Obtain a reference to the previous node like i said earlier if this was a doubly linked list we could use the search method since we would have a reference to that previous node we'll start here by setting a local variable named current to point to the head let's also define a variable named previous .

That will set to none to keep track of the previous node as we traverse the list finally let's declare a variable named found that we'll set to false found is going to serve as a stopping condition for the loop that we'll define we'll use the loop to keep traversing the linked list as long as found is .

False meaning we haven't found the key that we're looking for once we've found it we'll set found to true and the loop terminates so let's set up our loop so we'll say while current and not found here we're defining a while loop that .

Contains two conditions first we tell the loop to keep iterating as long as current does not equal none when current equals none this means we've gone past the tail node and the key doesn't exist the second condition asks the loop to keep evaluating as long as not found equals true now this might be tricky .

Because it involves a negation here right now found is set to false so not found not false equals true this not operator flips the value when we find the key and we set found to true not true not found we'll equal false then and the loop will stop the end in the while loop means that .

Both conditions current being a valid node and not found equalling true both have to be true if either one of them evaluates to false then the loop will terminate now inside the loop there are three situations that we can run into first the key matches the current node's data and current is still at the head of .

The list this is a special case because the head doesn't have a previous node and it's the only node being referenced by the list let's handle this case so we'll say if current.data double equals the key and current is self.head which you can write out as current equal self.head or current is .

Self.head now if we hit this case we'll indicate that we found the key by setting found to true and then this means that on the next pass this is going to evaluate to false because not true will be false and then the loop terminates once we do .

That we want to remove the current node and since it's the head node all we need to do is point head to the second node in the list which we can get by referencing the next node attribute on current self.head equal current.nextnode so when we do this there's nothing pointing to that first node so it's automatically removed the next scenario .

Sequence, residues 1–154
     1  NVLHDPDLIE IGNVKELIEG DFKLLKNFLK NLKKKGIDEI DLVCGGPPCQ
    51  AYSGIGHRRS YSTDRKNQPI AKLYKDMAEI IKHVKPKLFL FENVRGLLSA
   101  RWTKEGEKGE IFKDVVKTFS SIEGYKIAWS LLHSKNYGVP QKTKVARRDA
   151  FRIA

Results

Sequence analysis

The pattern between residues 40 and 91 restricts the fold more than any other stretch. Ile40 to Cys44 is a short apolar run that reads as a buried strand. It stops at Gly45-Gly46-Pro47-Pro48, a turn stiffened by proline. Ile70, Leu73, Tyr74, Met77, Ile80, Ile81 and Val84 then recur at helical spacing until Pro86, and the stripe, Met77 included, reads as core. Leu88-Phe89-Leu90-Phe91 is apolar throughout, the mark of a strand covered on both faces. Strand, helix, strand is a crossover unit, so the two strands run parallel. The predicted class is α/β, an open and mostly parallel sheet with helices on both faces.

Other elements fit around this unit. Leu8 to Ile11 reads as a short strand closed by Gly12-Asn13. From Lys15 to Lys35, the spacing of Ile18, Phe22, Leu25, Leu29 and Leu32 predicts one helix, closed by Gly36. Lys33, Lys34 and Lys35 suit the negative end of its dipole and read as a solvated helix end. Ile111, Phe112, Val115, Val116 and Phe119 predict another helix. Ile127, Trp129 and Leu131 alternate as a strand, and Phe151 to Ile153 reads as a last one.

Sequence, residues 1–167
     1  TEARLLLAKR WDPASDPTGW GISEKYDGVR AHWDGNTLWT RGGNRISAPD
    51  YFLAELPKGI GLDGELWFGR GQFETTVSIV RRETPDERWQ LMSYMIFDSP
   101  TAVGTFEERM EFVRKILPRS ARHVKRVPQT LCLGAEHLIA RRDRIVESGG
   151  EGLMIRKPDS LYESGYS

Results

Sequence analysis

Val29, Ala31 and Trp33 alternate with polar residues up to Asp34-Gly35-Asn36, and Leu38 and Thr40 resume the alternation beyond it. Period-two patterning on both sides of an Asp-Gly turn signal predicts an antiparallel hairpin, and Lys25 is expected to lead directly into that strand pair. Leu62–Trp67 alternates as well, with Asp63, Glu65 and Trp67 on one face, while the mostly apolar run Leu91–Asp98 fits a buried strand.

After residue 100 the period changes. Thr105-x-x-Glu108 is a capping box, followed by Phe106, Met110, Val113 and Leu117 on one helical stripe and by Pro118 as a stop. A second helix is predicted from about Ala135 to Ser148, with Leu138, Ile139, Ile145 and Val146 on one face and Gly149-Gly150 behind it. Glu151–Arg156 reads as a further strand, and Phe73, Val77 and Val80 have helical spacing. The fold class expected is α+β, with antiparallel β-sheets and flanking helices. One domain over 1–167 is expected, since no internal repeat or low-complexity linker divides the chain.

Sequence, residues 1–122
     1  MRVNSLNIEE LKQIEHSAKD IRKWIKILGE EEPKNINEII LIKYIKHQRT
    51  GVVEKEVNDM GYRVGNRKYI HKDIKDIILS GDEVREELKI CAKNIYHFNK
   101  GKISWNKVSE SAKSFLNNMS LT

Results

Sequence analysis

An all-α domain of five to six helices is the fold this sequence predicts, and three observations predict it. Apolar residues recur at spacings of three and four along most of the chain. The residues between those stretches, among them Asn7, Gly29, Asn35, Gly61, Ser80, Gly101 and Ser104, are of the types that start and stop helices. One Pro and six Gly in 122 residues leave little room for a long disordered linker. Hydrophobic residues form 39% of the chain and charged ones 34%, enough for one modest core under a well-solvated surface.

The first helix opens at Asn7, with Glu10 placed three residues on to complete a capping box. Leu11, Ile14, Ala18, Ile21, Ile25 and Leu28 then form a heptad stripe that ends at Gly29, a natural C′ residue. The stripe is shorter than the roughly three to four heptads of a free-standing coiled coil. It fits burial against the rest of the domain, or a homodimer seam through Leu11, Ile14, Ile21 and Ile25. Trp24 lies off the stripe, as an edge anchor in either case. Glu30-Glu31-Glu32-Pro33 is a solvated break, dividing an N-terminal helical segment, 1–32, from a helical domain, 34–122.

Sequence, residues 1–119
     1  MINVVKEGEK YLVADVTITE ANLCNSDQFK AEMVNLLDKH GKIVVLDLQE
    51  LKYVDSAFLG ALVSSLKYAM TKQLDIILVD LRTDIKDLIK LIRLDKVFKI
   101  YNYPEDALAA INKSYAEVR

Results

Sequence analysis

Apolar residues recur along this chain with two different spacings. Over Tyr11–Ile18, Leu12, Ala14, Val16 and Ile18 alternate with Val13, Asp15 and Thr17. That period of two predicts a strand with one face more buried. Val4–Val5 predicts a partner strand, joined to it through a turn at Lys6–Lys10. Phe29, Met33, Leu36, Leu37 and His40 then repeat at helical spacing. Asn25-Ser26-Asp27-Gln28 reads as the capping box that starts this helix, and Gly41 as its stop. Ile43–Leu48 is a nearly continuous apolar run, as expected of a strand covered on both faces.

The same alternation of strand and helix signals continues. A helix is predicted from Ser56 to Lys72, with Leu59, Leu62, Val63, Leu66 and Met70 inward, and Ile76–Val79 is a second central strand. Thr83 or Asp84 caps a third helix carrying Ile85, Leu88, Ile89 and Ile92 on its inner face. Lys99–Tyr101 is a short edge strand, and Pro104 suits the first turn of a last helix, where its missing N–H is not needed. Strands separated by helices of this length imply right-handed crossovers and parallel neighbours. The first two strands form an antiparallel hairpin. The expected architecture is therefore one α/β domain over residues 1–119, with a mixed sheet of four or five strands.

Is when the key matches data in the node and it's a node that's not the head so here we'll say else if current dot data equal key if the current node contains the key we're looking for we need to remove it to remove the current node we need to go to the previous node and modify its next node reference to point to the node .

After current but first we'll set found to true and then we'll switch out the references so previous.nextnode equal current.nextnode so far we haven't written any code to .

Keep track of the previous node we'll do that in our else case here so if we hit the else case it means that the current node we're evaluating doesn't contain the data that matches the key so in this case we'll make previous point to the current node and then set current to the next node so previous equal current .

And current equal current.nextnode and that's it for the implementation of remove now we're not doing anything at the moment with the node we're removing but it's common for remove operations to return the value being removed so at the bottom outside the while loop .

Let's return current and with that we have a minimal implementation of a linked list and your first custom data structure how cool is that there's quite a bit we can do here to improve our data structure particularly in making it easy to use but this is a .

Good place to stop before we move on to the next topic let's document our method so the top another docs string and here we'll say removes node containing data that matches the key also it returns the node or none if the key doesn't exist and finally this takes .

Linear time because in the worst case scenario we need to search the entire list if you'd like to get in some additional practice implementing functionality for linked lists two methods you can work on are remove it index and node at index to allow you to easily delete or read values in a list at a given index .

Now that we have a linked list let's talk about where you can use them the honest answer is not a lot of places linked lists are really useful structures to build for learning purposes because they're relatively simple and are a good place to start to introduce the kinds of operations we need to implement for various data .

Structures it is quite rare however that you will need to implement a linked list on your own there are typically much better and by that i mean much more efficient data structures that you can use in addition many languages like java for example provide an implementation of a linked list already .

Now that we have a custom data structure let's do something with it let's combine the knowledge we have and look at how a sorting algorithm can be implemented across two different data structures now that we've seen two different data structures let's circle back and apply what we know about algorithms to these .